By NICOLE LARSON
The Utah Highway Safety Office said 8,600 crashes were reported for 1995, 823 of which happened in December.
Wenty Bertola, marketing coordinator for The Utah Safety Council, said too many accidents and too many fatalities are happening.
In an effort to reduce these numbers, the council is offering two four-hour defensive driving courses for drivers in the Provo/Orem area. Both courses instruct drivers on accident prevention, driving confidence, awareness of hazards and improving overall driving skills. But the different classes are directed at two different age groups with different experience levels.
“Live at 25” teaches 16 to 24-year-old drivers how to make responsible driving decisions. Bertola said that “this class offers behavior to more inexperienced drivers.”
She said the council wants to introduce a change of attitude for young drivers. Bertola said drivers between the ages of 16 and 24 represent 22 percent of all drivers and 40 percent of all accidents.
The other class offered, “Basic Defensive Driving” for drivers 25 years and older, is a lecture on driving tactics.
Besides becoming a better driver, other incentives are available. Drivers who enroll in either course will qualify for a 50-point reduction from their Utah driving record.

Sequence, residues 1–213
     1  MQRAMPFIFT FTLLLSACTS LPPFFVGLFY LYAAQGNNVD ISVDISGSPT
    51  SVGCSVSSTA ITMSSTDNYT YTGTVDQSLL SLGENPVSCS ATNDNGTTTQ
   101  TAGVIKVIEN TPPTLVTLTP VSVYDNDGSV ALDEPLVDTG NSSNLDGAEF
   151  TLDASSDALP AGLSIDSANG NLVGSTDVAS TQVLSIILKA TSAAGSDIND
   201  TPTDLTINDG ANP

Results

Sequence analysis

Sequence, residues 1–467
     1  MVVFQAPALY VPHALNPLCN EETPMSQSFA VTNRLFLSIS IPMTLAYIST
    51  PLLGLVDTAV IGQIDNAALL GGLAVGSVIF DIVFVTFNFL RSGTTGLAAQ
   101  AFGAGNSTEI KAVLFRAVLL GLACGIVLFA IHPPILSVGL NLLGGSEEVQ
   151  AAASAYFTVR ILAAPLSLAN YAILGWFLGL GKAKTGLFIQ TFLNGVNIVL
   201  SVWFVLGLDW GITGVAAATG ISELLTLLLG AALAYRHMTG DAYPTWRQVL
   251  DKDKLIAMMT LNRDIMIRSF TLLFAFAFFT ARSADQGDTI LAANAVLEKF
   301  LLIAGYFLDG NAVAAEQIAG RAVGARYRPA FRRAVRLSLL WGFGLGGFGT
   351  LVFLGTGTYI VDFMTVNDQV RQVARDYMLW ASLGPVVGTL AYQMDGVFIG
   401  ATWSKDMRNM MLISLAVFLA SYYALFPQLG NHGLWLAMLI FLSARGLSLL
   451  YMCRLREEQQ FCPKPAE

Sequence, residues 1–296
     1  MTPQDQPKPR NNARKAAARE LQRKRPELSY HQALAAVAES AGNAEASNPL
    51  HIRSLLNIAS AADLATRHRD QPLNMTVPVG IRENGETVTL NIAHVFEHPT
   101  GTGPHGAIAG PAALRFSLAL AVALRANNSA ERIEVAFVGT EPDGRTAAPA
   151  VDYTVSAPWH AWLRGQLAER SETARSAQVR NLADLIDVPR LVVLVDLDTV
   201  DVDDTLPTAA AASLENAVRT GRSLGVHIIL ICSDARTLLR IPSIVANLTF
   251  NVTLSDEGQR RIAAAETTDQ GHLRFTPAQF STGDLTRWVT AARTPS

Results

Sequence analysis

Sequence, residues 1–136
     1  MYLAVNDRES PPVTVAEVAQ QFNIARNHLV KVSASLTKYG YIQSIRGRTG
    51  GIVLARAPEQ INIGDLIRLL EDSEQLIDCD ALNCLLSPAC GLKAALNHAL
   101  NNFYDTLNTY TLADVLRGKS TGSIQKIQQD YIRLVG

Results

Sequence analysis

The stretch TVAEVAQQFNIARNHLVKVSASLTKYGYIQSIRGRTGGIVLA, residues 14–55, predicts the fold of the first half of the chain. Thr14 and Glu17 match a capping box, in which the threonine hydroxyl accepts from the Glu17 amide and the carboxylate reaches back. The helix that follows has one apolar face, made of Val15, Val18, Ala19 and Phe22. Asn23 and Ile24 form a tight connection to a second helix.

This could possibly erase speeding-ticket points. A 21-year-old driver ticketed for driving 10 miles over the speed limit could be charged with at least 55 points against their driving record. Because minors are only allowed 70 points on their record before their license is suspended, this could be a valuable benefit.
The maximum for adult drivers is 200 points within a three year period before a suspension is enforced.
Drivers 55 years or older who complete the course may qualify for insurance discounts.
Bertola said most insurance companies offer some kind of discount. Glen Pack, an insurance agent for Allstate Insurance Company, said they offer a 5 percent discount for main coverage over a three-year period. To receive the discount, Pack said drivers need to provide a copy of their completion certificate. He said after three years, drivers can re-take the course to renew the discount for the next three years.
Bertola said these classes are offered because every year too many accidents happen with too many fatalities. She said they don’t like to refer to them as accidents, but rather as crashes, because every accident can be avoided.
Statistics indicated that the majority of 1995 accidents occured during December and can most likely be related to winter weather conditions. Regardless of the season, Bertola suggests every vehicle carry a driving kit.
She said every driver should carry a first aid kit, a warm blanket and clothing, a flash light with extra batteries and flares or a reflecting triangle to let people know where you are. She also suggested jumper cables and a sand bag or a piece of carpet to help drivers get out of being stuck in the snow.